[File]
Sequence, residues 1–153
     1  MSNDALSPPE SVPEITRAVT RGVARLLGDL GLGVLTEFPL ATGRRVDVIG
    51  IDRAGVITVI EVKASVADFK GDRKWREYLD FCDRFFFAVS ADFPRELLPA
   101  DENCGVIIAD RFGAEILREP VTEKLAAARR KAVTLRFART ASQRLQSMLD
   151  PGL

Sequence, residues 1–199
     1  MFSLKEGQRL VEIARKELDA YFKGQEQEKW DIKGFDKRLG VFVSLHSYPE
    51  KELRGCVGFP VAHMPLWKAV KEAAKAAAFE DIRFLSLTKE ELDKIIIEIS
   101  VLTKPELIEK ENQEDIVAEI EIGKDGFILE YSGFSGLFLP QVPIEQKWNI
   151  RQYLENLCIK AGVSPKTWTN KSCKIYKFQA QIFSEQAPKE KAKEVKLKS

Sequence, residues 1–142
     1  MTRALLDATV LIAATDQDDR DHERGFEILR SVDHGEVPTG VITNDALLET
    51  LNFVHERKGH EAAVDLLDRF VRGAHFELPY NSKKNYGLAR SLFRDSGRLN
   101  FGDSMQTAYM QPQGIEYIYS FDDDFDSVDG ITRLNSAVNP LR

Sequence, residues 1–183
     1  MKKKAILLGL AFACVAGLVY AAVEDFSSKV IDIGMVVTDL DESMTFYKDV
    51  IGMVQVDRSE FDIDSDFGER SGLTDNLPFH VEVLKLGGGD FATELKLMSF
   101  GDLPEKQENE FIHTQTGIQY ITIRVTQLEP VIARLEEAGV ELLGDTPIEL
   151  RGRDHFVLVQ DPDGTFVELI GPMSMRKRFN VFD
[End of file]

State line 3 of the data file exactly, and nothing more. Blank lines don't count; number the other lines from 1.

    51  IDRAGVITVI EVKASVADFK GDRKWREYLD FCDRFFFAVS ADFPRELLPA